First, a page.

Tenth International Conference on War Tax Resistance and Peace Tax Campaigns - Brussels, Belgium 2004

Norwegian Peace Fund Committee of the Norwegian Society of Friends

Report 2002-2004

4.6

Mailing address: Mårveien 7, N-3124 Tønsberg. Phone: +47-33 32 64 35 (Norwegian Friends (Quakers); fax: +47-22 43 63 01.  Report written by Elizabeth H. Chapman 

Our group now consists of 6 adults. The teenage daughter of 2 members attends now and then. The meetings are informal, with a flat structure but Bjørg Berg shoulders the largest burden taking the responsibility for minutes and archives. The Norwegian Quakers allot us from the yearly budget NOK 9000. In addition, several individuals have donated money directly to our project. Our group had 20 regular meeting in 2003 as well as taking part in numerous peace for a and demonstrations. We have represented Norwegian Quakers at an annual contact meeting of the Christian Democratic party (one of the parties in the currently ruling coalition), thus currently confirming Quakers written statement with a spoken appeal against the Iraq war.

We write letters/articles regarding war/peace/social structure to the newspapers, and introduce the peace fund/tax idea in these, and when interviewed. We are not always successful in having them printed, it being nearly impossible as regards national newspapers. A big triumph occurred when the newspaper Vårt Land (29.131 subscribers) used Peace Tax for a font-page headline continuing with detail on pages 2 and 3! Our local paper (33.765 subscribers) has given us good coverage.

Directly after the German CPTI gathering (autumn 2002), one small district (8000 inhabitants) voted unanimously over an interpellation forwarded thus: Can Re County influence the Parliament to reconsider the law proposal (previously rejected) regarding a peace fund, giving citizens the right to transfer the military portion of their tax to a fund for conflict reducing and peace building activity? The mayor's response was worded, in part: Norway already has a law which makes it possible to be exempted from military duty on grounds of faith and conscience. I can understand the difficulty some have in paying tax for military uses. This question can be deemed unsuited for a town council. On the other hand the representatives in the central government can find it non relevant because there is little local interest for the issue. Our Parliamentary president replied saying that he had informed each party within the Parliament and reminded us of the proposal's former rejection. The representative who forwarded the Peace Tax proposal had made it clear that we must have local and stronger support before he can once more make a motion in Parliament for this law. This was stressed in the comprehensive Vårt Land newspaper article (see above).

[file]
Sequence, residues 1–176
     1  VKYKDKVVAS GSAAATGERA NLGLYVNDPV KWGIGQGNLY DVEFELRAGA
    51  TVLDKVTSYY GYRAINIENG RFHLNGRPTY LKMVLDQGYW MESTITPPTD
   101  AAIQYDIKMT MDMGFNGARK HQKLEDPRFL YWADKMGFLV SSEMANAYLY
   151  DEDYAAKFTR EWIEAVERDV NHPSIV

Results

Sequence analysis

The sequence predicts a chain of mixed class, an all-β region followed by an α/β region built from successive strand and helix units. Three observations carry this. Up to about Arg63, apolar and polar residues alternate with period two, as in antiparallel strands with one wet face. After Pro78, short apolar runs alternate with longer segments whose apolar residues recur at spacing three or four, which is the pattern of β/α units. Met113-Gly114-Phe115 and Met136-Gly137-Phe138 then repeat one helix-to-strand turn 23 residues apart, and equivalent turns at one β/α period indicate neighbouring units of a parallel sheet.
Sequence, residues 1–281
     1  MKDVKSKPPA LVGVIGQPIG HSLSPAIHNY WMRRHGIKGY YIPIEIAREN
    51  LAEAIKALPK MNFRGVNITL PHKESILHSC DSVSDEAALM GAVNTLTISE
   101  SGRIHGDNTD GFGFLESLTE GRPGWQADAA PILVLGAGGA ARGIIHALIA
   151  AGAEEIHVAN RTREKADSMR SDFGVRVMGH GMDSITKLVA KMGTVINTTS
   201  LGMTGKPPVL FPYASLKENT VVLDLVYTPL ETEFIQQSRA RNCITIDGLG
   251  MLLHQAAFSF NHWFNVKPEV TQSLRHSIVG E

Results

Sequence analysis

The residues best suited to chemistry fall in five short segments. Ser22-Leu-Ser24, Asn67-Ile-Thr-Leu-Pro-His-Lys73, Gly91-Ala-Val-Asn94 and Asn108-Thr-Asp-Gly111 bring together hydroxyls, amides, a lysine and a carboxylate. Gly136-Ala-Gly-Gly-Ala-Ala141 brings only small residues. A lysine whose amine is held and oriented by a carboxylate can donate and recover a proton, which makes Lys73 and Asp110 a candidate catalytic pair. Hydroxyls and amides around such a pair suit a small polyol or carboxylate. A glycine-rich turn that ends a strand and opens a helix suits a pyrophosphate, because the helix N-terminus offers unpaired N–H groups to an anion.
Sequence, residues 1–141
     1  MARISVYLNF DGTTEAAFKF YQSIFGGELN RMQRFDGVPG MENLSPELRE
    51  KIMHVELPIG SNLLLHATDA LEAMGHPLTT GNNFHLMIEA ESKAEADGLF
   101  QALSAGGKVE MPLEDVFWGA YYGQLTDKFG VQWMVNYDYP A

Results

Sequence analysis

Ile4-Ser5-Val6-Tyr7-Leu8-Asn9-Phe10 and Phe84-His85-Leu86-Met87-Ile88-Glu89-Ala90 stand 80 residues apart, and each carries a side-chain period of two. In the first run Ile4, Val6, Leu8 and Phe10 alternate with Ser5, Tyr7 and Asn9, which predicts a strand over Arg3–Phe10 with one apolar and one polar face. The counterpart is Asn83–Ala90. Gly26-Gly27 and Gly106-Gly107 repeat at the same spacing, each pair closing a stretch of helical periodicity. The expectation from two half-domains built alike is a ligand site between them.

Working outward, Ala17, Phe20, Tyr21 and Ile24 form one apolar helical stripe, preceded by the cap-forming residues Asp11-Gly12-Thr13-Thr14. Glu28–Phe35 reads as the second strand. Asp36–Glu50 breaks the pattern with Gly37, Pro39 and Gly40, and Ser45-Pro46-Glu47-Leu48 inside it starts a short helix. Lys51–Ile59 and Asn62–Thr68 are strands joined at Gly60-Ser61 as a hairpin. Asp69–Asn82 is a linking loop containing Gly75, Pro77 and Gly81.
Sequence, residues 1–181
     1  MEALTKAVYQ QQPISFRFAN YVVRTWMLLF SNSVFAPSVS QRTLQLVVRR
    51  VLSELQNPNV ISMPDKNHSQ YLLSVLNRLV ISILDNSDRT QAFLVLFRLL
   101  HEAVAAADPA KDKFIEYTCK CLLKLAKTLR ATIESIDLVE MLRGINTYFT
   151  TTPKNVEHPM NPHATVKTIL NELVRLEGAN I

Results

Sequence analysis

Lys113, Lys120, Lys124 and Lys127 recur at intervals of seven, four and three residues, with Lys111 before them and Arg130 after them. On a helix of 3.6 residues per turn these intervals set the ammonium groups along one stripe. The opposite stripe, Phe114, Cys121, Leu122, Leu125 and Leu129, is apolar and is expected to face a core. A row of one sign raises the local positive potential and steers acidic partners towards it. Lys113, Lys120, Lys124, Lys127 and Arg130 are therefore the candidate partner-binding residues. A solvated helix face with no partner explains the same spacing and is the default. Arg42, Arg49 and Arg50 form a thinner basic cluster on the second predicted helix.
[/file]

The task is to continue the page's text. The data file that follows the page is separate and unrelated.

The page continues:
Therefore our struggles will now be to lobby other townships/city councils to follow Re's example. We have discovered that if we can manage to provide the politicians with a least 300 signatures requesting a topic to be put on their agenda, they are duty bound to do so. 

Our brochure has been revised, but we need to make further changes. We have held a lecture Paying for Peace, is it a Human Right, at the University of Tromsø. We have a representative at the Norwegian peace council (umbrella organization). 

GroHarlem Brundtland, former Norwegian Prime Minister and former leader of the World Health Organization, established a fund for Preventive action in 1997 under the auspices of the United Nations. We have tried to find out what has become of this, because of its necessity and its possible use of our peace tax fund money.